She pressed the middle button on each disk, which spun and sounded like an air wrench at the tire center. "And don't worry," she added, as the disks sprang into her hand, "under this, I'm wearing a sports bra."

    She might as well had not bothered. The skeinsuit sprang open like a banana peel, and Jean's body suddenly poofed out like a car's airbag. Only instead of air, it was full of rock solid muscle. And while her chest wasn't as big as Suzette's, it did the job nicely. The sports bra didn't leave much to the imagination.

    I marvelled. Jean was as big from the waist up as Gracie. And I bet she was probably as tall, too, if that suit weren't covering her below-waist body.

    "Oi," Francis said, "ya mind getting that ball, mate? We can't hold this thing all evening."

    "Actually, they could," said Gracie, "but the burgers'll get cold."

    I nibbed away on my small bacon cheeseburger. It smelled great and tasted greater; I don't recall the last time I had any fresh beef or vegetables. But despite missing breakfast and a proper lunch, my hunger was halved. Gracie, Jean, and Francis meanwhile slapped on the cheese, bacon, fried eggs and a chicken filet each on their double burgers while Angela dined on her salad. I felt like the only child at the adult's table eating a Happy Meal.

    "…and so," Jean said, "after picking up solar energy and the body's mechanical energy from moving, the disks store them and sends it to the satellites, while the human body keeps its own for itself, its own energy stored neatly away under the skeinsuit."

    "What about the head?" I asked. "It's not covered.  Wont they spot that?"

    "The shoulder disks send out a stronger signal that masks the head's quantum signature."

    I peered, unconvinced. "Are you sure Big Sister can't spot it?"

    Gracie rolled her eyes. "No. I let my friends and cronies waltz around with defective suits, and put themselves and myself up for arrest, imprisonment, and strength drainage down to just enough to keep our hearts beating. Crikey."

    I squinted at her. "Why are you trusting me with all this?"

    Gracie put her triple chili cheeseburger down and folded her hands. "Monty, do you believe in hunches?"

    I folded my arms. "Why, do you?"

    "I've had a pretty good track record. Once back in the spring of '91, I read an old Mad magazine cartoon about a father who tried to explain the value of a dollar to his son, who then wanted his allowance in Japanese yen. On a whim and a nagging feeling, I decided to invest in that. Then in the summer, the U.S. government decided to weaken the dollar against the yen, and I made a fortune on the exchange.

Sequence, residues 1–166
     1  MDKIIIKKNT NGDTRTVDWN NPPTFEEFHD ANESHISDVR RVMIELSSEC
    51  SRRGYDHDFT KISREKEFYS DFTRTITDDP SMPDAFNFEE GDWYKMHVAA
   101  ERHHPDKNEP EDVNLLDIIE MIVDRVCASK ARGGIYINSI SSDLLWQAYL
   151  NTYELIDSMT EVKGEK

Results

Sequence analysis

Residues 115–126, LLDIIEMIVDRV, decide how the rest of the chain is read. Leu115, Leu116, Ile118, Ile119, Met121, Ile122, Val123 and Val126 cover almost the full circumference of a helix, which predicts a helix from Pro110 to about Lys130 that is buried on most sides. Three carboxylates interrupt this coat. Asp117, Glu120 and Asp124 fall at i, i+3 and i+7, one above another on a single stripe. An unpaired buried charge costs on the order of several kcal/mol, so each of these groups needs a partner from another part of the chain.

"Then one day after a conference with my gambling lobbyists in Washington, D.C., I was about to hop a flight to San Francisco on my way back to Oz. But a nagging feeling told me that maybe I should wait for a better flight. So I cancelled and rebooked.

    "That flight was American Airlines 77. And that day was September 10, 2001."

    She sipped her ice water. "And after I'd bought Crimson Cow to diversify our holdings, I'd met Angela. She told me about you, and what you were going through. And I have a nagging feeling I should get involved somehow.

    "Just to make sure, I decided to let you make that folder run. And you proved quite trustworthy with that."

    She leaned in. "Monty. How would you like a chance to get your own skeinsuit, button set, and body just like the good doctor's here?"

    I glanced at Dr. Munroe, then back to Gracie. "Well, I think the chest looks better on her, but…" Everyone laughed heartily. "I'm interested."

    "Well, then," she continued. "about that bet. How about a little double or nothing? We can do one of two things. One, we can meet at a fave watering hole of mine, and you can play a game where you put your smarts, nerve, and luck to the ultimate test. And if you win, you can walk away with a body as big or strong, if not bigger and stronger. And you'll be able to keep it hidden so those Big Sister battle axes can't get it.

    "Or two, I could simply write you that cheque and we all go our separate ways and call it a night. Your choice."

    TV, shmee vee. The clock radio worked just fine.